In 2019, preliminary designs of Ingenuity were tested on Earth in simulated Mars atmospheric and gravity conditions. For flight testing, a large vacuum chamber was used to simulate the very low atmospheric pressure of Mars — less than 1% of standard atmospheric pressure at sea level on Earth — which is the equivalent of a helicopter flying at 30,000 m (98,000 ft) in the atmosphere of Earth. In order to simulate the much reduced gravity field of Mars, 62% of Earth's gravity was offset by a line pulling upwards during flight tests.[10]

Future Mars rover design iteration[edit]

The Ingenuity technology demonstrator used on the Mars 2020 mission could form the foundation on which more capable aircraft might be developed for aerial exploration of Mars and other planetary targets with an atmosphere.[15][12][23] The next generation of rotorcraft could be in the range between 5 and 15 kg with science payloads between 0.5 and 1.5 kg. These potential aircraft could have direct communication to an orbiter and may or may not continue to work with a landed asset.[22] Future helicopters could be used to explore special regions with exposed water ice or brines where Earth microbial life could potentially survive. Mars helicopters may also be considered for fast retrieval of small sample caches back to a Mars ascent vehicle for return to Earth.[24][12]It will also pave the way for Dragonfly, a 2034 Saturn's moon, Titan Rotorcraft lander for carrying out research on its surface.

Development[edit]

NASA's JPL and AeroVironment published the conceptual design in 2014 for a scout helicopter to accompany a rover.[14][25][26] By mid 2016, US$15 million was being requested to keep development of the helicopter on track.[27] By December 2017, engineering models of the vehicle had been tested in a simulated Martian atmosphere[12][1] and models were undergoing testing in the Arctic, but its inclusion in the mission had not yet been approved nor funded.[28] The United States federal budget announced in March 2018, provided US$23 million for the helicopter for one year[29][30] and it was announced on 11 May 2018 that the helicopter could be developed and tested in time to be included in the Mars 2020 mission.[31] The helicopter underwent extensive flight-dynamics and environment testing,[12][32] and was then mounted on the underside of the Perseverance rover in August 2019.[33] Its mass is just under 1.8 kilograms (4.0 lb)[32] and JPL has specified that it planned to have a design life of 5 flights on Mars.[34][31] The helicopter was named by Vaneeza Rupani, an 11th grader at Tuscaloosa County High School in Northport, Alabama, who submitted an essay into NASA's "Name the Rover" contest.[5][35] NASA has invested about US$80 million to build the Ingenuity Mars Helicopter and about US$5 million to operate the helicopter.[24]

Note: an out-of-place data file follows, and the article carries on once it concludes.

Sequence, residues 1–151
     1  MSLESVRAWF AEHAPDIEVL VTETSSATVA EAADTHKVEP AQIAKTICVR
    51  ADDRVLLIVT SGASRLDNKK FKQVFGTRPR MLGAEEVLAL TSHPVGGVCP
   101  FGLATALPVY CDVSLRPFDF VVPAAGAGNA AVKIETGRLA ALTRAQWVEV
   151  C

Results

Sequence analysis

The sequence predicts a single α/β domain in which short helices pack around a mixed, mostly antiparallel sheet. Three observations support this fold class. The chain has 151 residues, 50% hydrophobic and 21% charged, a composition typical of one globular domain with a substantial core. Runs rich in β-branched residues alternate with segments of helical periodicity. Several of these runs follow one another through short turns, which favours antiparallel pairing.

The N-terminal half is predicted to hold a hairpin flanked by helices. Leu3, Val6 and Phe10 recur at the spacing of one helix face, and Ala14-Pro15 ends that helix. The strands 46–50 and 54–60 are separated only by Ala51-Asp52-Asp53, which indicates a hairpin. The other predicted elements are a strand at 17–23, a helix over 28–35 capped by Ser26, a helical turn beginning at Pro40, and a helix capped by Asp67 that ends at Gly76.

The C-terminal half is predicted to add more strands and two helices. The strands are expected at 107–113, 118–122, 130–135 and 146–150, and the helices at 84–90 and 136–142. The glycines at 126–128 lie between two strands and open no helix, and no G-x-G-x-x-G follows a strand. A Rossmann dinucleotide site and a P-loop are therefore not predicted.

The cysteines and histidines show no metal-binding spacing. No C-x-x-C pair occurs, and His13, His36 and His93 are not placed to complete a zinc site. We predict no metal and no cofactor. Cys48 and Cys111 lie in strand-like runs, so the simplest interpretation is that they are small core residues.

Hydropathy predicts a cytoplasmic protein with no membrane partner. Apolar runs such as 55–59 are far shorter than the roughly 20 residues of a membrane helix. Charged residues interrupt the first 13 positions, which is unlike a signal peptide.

See also[edit]

References[edit]

  1. ^ a b c d Helicopter to accompany NASA's next Mars rover to Red Planet. Stephen Clarke, Spaceflight Now. May 14, 2018
  2. ^ a b c "Mars Helicopter Fact Sheet" (PDF). NASA. February 2020. Archived (PDF) from the original on 22 March 2020. Retrieved 2 May 2020. This article incorporates text from this source, which is in the public domain.
  3. ^ a b c d "Mars Helicopter". NASA Mars. NASA. Archived from the original on 16 April 2020. Retrieved 2 May 2020. This article incorporates text from this source, which is in the public domain.
  4. ^ mars.nasa.gov. "Launch Windows". mars.nasa.gov. Retrieved 28 July 2020. This article incorporates text from this source, which is in the public domain.
  5. ^ a b Hautaluoma, Grey; Johnson, Alana; Agle, D.C. (29 April 2020). "Alabama High School Student Names NASA's Mars Helicopter". NASA. Archived from the original on 30 April 2020. Retrieved 29 April 2020. This article incorporates text from this source, which is in the public domain.
  6. ^ a b Mars Helicopter Scout. video presentation at Caltech This article incorporates text from this source, which is in the public domain.
  7. ^ Chang, Kenneth (23 June 2020). "Mars Is About to Have Its "Wright Brothers Moment" - As part of its next Mars mission, NASA is sending an experimental helicopter to fly through the red planet's thin atmosphere". The New York Times. Archived from the original on 23 June 2020. Retrieved 23 June 2020.
  8. ^ Leone, Dan (19 November 2015). "Elachi Touts Helicopter Scout for Mars Sample-Caching Rover". SpaceNews. Retrieved 20 November 2015.
  9. ^ Agle, D.C.; Hautaluoma, Gray; Johnson, Alana (23 June 2020). "How NASA's Mars Helicopter Will Reach the Red Planet's Surface". NASA. Retrieved 23 June 2020. This article incorporates text from this source, which is in the public domain.
  10. ^ a b c d First Flight on Another Planet!. Veritasium. 10 August 2019. Archived from the original on 28 July 2020. Retrieved 3 August 2020 – via YouTube.
  11. ^ Decision expected soon on adding helicopter to Mars 2020. Jeff Fout. Space News. May 4, 2018.